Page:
Thyladomid needs little introduction, coming through the ranks via a series of killer releases with Diynamic he’s one of the label’s shining lights. His debut album Interstellar Destiny is out now and is an absolutely essential purchase for anyone who’s a fan of the young talent – we spoke to him about his career so far and the wonderful LP, which you can preview by scrolling halfway down this page…

How has your year been so far? I gather you see this as a pretty important ear in terms of your career?
Yes it very important. Acutally I am very happy right now. I think for every artist it is a very special moment when it comes to dropping his own album. So it is actually a big turning point in my career.

How do you look back on your early years as a raver? How have your tastes changed since then?
It changed a lot. From Hip Hop to Rock, from commercial electronic music to underground. I had a lot of movement in my taste of music. But I really started the underground music about when I was 18, back in 2008.

How does it feel to be a part of the Diynamic crew these days? How has it helped your career?
I am now part of the label since 2011 and nowhere else can I feel more at home than in this special community. It has changed my way of thinking and of course it helped my career a lot.

Did you ever get to stage where you thought you’d be working with the likes of Diynamic? Have they mentored you in a way?
I was a big fan of Diynamic since the label was founded. I always listened to the Hamburg music a lot and at that it was an unrealistic dream to release on Diynamic one day. Quite strange to think about that right now. How everything can develop in such unexpected ways. The Family is a great mentor. It’s nice to get all the feedback for your hard work from everyone involved.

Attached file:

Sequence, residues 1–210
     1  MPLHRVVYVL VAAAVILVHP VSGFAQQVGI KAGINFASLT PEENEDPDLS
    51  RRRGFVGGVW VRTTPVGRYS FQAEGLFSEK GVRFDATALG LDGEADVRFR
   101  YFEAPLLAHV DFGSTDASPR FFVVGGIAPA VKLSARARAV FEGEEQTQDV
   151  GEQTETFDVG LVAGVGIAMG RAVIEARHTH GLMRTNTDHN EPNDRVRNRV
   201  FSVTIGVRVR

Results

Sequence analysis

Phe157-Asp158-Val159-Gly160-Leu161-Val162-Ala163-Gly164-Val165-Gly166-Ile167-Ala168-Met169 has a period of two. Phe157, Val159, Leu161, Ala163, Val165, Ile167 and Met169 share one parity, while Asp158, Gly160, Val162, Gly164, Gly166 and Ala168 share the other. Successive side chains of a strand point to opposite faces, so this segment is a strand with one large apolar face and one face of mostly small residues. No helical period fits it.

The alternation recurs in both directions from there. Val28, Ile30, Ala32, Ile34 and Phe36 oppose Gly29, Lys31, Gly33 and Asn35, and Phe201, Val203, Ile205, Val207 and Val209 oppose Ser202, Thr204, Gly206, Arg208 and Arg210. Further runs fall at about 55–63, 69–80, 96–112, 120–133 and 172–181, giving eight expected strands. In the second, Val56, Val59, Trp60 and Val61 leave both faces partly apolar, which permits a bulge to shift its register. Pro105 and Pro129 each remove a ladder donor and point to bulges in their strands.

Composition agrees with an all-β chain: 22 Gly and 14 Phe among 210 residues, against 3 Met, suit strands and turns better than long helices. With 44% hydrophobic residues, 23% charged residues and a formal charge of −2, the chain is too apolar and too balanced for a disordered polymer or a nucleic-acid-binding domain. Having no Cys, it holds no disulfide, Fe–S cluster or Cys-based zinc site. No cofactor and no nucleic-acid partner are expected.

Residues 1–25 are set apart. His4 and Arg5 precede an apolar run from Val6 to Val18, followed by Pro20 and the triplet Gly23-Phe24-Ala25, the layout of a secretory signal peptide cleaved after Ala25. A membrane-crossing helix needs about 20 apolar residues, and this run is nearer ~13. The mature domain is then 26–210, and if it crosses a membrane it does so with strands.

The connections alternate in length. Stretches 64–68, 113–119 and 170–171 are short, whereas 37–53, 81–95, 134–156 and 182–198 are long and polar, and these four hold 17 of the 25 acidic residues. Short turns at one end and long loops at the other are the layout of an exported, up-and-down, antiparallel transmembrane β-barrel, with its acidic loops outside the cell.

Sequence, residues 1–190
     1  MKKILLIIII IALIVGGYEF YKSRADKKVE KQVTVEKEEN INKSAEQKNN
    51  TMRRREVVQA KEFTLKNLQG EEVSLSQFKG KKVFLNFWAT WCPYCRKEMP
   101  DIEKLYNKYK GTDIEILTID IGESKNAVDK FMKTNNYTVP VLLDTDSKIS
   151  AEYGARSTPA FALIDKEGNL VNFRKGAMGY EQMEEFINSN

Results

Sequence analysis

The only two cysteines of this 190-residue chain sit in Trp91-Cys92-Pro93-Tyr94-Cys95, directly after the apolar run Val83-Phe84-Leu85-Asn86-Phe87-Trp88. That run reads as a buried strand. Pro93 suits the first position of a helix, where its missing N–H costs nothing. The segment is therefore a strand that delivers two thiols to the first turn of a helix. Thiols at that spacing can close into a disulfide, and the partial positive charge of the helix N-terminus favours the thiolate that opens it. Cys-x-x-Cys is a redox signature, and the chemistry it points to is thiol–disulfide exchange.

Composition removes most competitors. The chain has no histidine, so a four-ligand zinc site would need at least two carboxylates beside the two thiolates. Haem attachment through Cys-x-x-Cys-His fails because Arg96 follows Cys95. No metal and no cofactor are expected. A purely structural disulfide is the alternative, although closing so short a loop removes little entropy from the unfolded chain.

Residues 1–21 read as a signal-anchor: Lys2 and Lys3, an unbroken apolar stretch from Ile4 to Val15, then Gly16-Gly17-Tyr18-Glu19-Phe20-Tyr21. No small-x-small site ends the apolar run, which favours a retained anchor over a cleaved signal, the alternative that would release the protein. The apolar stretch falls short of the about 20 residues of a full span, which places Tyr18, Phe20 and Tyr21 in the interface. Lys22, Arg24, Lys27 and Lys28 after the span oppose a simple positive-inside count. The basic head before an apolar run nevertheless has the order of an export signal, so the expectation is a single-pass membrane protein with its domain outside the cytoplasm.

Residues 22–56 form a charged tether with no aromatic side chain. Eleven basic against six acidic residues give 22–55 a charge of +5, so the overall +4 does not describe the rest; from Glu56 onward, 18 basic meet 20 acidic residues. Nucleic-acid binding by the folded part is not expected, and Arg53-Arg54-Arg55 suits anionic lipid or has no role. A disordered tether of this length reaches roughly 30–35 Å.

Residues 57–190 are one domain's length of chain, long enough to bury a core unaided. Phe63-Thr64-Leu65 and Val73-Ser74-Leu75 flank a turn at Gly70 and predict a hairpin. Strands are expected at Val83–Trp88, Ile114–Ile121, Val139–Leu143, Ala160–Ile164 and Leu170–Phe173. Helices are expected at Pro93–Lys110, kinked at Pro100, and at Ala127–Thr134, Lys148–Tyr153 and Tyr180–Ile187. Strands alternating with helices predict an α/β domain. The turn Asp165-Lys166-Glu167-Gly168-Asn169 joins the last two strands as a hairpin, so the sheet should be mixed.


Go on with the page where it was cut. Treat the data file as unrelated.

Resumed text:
So what sort of music did you grow up with then? And when did you become interested in house music?
Back in the days I listened to Rock, Hip Hop (German) and of course commercial house music 😉 That’s how I actually got into the scene. I went to commercial parties with friends and that’s how I discovered electronic music. That was around 2007. I loved it. It was the first experience of rolling basses on a big sound system. I think I was more impressed by the power this kind of music has on a big sound system than the actual quality of music.

Was there one moment where you realized this is what you wanted to do then?
After a while I moved further into the underground sound, because I visited big Festivals such as LFP or Timewarp. It was at that time when it all changed for me and Istarted working with Fruity Loops on a Windows PC, crafting my first beats.

So how did you learn to make music? Did you take classes? Or just through trail and error on your laptop?
I play the piano because my parents made me go to music classes when I was a young guy. But the “made me” only counts for the first few times. Since then I play it every day and it is my biggest passion. That knowledge helped me a lot. But the work with Logic (which I am working with now) was trail and error. Maybe I should have taken classes to save time, but back then I had no money to afford it.